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Corner of tabManagement Plan for the Integrated Habitat Network / Coordinated Development Area: Lease Nos. 3963, 3995, and 4236



Section 378.035(6)(a), Florida Statutes authorized the use of up to one-half of the interest income annually for basic management of lands within the IHN from the $30 million reserved in the Nonmandatory Land Reclamation Trust Fund. This reserved amount was increased to $50 million through legislation enacted by the Legislature and Governor in 2001. These monies are available to the DEP annually to fund basic management or protection of reclaimed, restored, or preserved phosphate lands: (1) which have wildlife habitat value as determined by the BMR; (2) which have been transferred by the landowner to a public agency or private, nonprofit land conservation and management entity in fee simple, or which have been made subject to conservation easement; and, (3) for which other management funding options are not available. These funds may, after the basic management or protection has been assured for all such lands, be combined with other available funds to provide a higher level of management for such lands.

Other possible funding sources include Conservation and Recreation Lands , Florida Forever P2000, Department of Transportation, Charlotte Harbor National Estuary Program-Restoration Partners Grant, water management districts, acquisition programs, mitigation projects, and environmental organizations, depending on the intended use of the funds and the requirements of the organization. Potential revenue sources include payments for agricultural leases, natural gas pipeline leases, recreational user feeds, timber leases, etc.

The Legislature and Governor approved a $200,000 appropriation in the 2001/2002 Department of Environmental Protection’s portion of the State budget. Basic land management activities scheduled in 2001/2002 for that appropriation included:

  • Boundary determination, including surveys and marking;
  • Physical land management, including fire guards, fencing, mowing, etc.;
  • Equipment and supplies, including fuel, lubricants, hand tools, etc.;
  • Part-time employee(s);
  • Helicopter rental to conduct cursory aerial inspections to assist in prioritization of boundary determinations.
  • Costs for training in exotic plant control and prescribed burning/fire control;
  • Gates, chains, locks, and extra keys for fenced areas;
  • Aerial photographs and topographic maps;
  • Assistance with controlled burns by the Division of Forestry; and,
  • Seed, plant stock, and fertilizers for the native plant nursery and reforestation areas.

Basic management activities conducted in the years following the initial appropriation have been similar to those carried out in 2001/2002.

An analysis of the potential use of contractor services for management and restoration activities was conducted as part of the development of this IHN management plan. The activities that were considered for outsourcing to private entities included: surveying, road development and maintenance, prescribed burning, vegetation inventories, timber harvesting activities, public contact and education, and exotic species control. Although some of these activities will be contracted, results of the analysis revealed that existing BMR personnel were extremely qualified to perform the majority of the required land management activities on the IHN lands. In fact, BMR staff has conducted prescribed burns, GIS/GPS surveys of existing resources, exotic species control operations, and hosted educational opportunities for the public on its leased properties. Other measures that have been considered and implemented wherever possible to minimize the costs of basic land management activities include: fencing only those areas where infringements from off-site sources continue to occur; minimizing the use of boundary markers wherever possible (such as along boundaries of state- or county-owned or –managed lands); and, using volunteers whenever possible and appropriate in maintenance and monitoring activities.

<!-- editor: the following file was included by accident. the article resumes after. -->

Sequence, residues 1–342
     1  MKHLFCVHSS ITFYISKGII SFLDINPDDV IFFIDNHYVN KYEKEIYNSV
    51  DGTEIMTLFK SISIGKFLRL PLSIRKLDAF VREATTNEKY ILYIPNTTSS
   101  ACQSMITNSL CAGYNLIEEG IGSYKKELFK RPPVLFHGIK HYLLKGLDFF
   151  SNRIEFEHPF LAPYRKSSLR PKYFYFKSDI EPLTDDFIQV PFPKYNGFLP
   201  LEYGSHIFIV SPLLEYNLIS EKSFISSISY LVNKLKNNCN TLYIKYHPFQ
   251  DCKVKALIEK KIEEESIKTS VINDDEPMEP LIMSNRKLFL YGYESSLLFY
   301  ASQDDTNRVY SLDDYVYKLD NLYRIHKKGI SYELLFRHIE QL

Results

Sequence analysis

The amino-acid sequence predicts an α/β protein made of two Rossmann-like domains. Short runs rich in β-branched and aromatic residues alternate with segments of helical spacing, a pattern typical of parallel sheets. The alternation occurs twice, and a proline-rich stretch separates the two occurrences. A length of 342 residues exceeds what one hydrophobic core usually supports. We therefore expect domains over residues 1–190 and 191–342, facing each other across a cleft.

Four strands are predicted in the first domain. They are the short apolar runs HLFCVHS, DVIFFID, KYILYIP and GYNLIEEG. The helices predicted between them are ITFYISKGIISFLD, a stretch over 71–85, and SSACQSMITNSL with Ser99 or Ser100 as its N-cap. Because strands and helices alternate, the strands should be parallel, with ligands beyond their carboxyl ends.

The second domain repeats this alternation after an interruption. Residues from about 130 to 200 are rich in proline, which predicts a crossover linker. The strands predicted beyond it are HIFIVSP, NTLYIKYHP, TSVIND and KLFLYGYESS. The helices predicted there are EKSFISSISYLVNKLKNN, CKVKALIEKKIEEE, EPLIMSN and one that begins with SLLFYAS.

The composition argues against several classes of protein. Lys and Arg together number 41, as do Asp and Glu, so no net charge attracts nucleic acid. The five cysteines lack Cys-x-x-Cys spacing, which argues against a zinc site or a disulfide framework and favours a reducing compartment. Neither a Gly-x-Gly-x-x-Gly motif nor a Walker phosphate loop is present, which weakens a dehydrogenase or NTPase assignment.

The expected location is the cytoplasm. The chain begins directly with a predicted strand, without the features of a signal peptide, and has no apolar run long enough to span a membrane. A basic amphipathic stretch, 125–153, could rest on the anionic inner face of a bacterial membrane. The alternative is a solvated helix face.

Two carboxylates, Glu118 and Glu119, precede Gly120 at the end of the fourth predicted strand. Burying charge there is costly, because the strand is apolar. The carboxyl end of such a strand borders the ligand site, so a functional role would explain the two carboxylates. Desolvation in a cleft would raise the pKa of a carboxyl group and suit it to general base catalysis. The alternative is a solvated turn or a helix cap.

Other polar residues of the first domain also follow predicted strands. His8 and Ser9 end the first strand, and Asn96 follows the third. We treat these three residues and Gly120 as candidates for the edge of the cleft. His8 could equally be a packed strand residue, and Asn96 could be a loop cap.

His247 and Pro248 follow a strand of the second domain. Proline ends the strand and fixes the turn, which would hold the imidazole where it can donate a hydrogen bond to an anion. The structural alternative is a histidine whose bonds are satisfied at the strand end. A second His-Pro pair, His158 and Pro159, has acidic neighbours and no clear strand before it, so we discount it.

BMR staff possesses considerable education and experience in land management as well as numerous other disciplines. The “core” of the BMR land management group in Tallahassee is comprised of highly skilled personnel who are directly involved in plan development, contract supervision, regulatory oversight, and property additions to the IHN. The “support” group of highly experienced BMR employees in the Homeland location concentrates on providing the practical but highly important management activities on its leased properties, such as conducting prescribed fires, controlling nuisance and exotic vegetation, growing and promoting the use of native plant species, mowing, fencing, conducting storm clean-up efforts, etc. The BMR employees in Homeland also assist the Tallahassee staff with the responsibilities and duties of the Mandatory Phosphate, Mandatory Nonphosphate, Nonmandatory Reclamation, and Financial Responsibility Sections. The BMR land management group in Homeland provides informed assistance with management tasks for leased properties, DSL records experience, GIS support, and considerable State Lands, budgetary, and legislative guidance and support. In those areas where outside assistance may be required for restoration or management activities, the Homeland-based BMR land management staff also has access to and is part of an extensive network of land managers throughout the phosphate-mining region and the State who can provide additional information and assistance upon request. Cooperative efforts with local agencies and environmental groups have been employed on numerous occasions by BMR staff in Homeland for management activities on IHN lands.

Last updated: June 30, 2015

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